|A group shot of the 25 playable characters. Expect more to be added later. Image Source: Gearbox|
The biggest drawbacks to Battleborn are unfortunately part of its matchmaking system. Many of the large levels are difficult enough to complete solo. Adding more players to the mix ups the difficulty of the match by adding more enemies and upping their health and damage. This isn't at all unusual, in fact it is standard practice these days, but Battleborn sometimes adds too many enemies and makes them too tough to take down. Rather than inviting more friends to help deal with the madness of the enemies, you find yourself trying to avoid adding players when a level overwhelms you.
These issues have already been acknowledged by members of the design team who have assured players that they are being worked on. Gearbox has a long history of listening to the community and sorting out the petty whines from the serious issues and meritorious ideas. As the game ages, I expect new missions, characters and other (as yet unknown) features to make Battleborn even more appealing than it already is.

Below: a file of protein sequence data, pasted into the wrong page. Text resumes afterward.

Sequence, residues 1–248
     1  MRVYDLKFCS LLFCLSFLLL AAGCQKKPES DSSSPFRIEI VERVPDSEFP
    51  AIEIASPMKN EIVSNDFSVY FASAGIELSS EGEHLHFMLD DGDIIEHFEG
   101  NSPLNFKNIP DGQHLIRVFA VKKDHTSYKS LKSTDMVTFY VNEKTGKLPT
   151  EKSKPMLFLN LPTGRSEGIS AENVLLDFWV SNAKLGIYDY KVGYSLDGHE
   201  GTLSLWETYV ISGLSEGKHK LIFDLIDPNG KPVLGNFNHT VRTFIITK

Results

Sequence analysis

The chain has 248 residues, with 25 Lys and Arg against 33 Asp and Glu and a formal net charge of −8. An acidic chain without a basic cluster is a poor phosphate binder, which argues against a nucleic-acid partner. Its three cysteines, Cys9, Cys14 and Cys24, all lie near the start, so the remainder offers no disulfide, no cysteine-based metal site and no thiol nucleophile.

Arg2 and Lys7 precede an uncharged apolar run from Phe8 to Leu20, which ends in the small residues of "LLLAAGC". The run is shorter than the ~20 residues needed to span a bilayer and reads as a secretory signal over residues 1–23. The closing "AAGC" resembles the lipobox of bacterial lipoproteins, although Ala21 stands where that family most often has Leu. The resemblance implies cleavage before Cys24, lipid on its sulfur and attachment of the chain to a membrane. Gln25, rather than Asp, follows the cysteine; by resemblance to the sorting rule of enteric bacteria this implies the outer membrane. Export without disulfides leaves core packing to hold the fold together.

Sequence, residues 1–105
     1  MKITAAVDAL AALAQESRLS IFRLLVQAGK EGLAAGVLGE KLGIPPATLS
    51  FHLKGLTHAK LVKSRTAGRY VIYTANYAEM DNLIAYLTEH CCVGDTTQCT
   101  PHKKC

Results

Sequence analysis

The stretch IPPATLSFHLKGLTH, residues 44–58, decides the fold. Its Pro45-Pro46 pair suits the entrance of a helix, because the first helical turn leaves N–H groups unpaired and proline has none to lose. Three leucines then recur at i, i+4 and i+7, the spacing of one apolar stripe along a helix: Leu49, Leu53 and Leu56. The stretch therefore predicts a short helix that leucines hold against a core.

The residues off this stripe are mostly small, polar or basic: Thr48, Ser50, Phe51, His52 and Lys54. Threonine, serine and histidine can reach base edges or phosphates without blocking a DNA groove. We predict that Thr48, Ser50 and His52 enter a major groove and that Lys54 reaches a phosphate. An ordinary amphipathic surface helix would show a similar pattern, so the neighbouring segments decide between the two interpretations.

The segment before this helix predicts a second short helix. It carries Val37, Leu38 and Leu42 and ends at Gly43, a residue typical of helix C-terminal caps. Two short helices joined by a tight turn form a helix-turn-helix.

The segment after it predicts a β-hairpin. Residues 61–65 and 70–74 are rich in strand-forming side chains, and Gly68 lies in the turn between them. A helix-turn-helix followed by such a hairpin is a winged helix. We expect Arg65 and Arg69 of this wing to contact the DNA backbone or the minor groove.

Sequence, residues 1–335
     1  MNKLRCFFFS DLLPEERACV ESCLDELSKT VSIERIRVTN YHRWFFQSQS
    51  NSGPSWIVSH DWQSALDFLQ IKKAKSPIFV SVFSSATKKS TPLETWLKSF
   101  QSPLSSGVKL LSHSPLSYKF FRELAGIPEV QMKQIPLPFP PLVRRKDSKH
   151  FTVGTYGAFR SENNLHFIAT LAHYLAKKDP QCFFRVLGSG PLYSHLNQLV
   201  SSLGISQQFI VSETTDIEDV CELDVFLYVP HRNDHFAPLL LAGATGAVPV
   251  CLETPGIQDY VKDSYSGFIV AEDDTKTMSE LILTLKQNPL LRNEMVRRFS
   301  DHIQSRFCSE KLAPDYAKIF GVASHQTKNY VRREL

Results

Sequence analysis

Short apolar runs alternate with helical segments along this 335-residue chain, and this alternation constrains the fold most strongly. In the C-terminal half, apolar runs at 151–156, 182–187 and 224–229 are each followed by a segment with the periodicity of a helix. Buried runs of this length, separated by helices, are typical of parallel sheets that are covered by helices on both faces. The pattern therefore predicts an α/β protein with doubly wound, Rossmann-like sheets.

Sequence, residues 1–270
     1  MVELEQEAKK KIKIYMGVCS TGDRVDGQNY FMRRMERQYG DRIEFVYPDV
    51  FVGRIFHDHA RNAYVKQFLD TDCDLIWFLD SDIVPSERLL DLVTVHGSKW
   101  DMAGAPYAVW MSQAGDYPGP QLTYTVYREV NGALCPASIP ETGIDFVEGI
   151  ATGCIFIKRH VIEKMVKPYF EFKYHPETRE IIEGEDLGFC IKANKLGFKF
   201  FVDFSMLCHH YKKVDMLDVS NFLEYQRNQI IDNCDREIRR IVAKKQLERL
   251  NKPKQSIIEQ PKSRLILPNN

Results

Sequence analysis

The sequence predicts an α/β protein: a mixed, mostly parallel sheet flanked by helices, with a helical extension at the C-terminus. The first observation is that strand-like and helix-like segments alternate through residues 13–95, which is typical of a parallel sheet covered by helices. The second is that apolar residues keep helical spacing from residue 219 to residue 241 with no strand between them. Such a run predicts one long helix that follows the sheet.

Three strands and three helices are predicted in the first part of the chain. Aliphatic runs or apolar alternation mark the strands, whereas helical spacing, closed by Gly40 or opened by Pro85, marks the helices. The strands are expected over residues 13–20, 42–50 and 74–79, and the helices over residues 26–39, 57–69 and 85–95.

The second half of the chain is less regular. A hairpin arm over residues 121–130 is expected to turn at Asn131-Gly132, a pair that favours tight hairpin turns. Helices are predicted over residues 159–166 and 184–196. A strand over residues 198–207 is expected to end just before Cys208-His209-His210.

About a year ago at PAX Prime, I got incredibly psyched for this game when I played the demo and watched the footage for yet to be released features at the Gearbox panel. A universe where space wizards, genetically engineered marines, elves, orcs, birdmen, and more are all fighting over the life-sustaining warmth of last sun in existence? I'm in. I was so in that I went and immediately pre-ordered the game on Amazon. I never saw or heard anything about Battleborn again until a package showed up on my door with the disc.
|Marquis flees from Caldarius in a multiplayer match. Image Source: Polygon|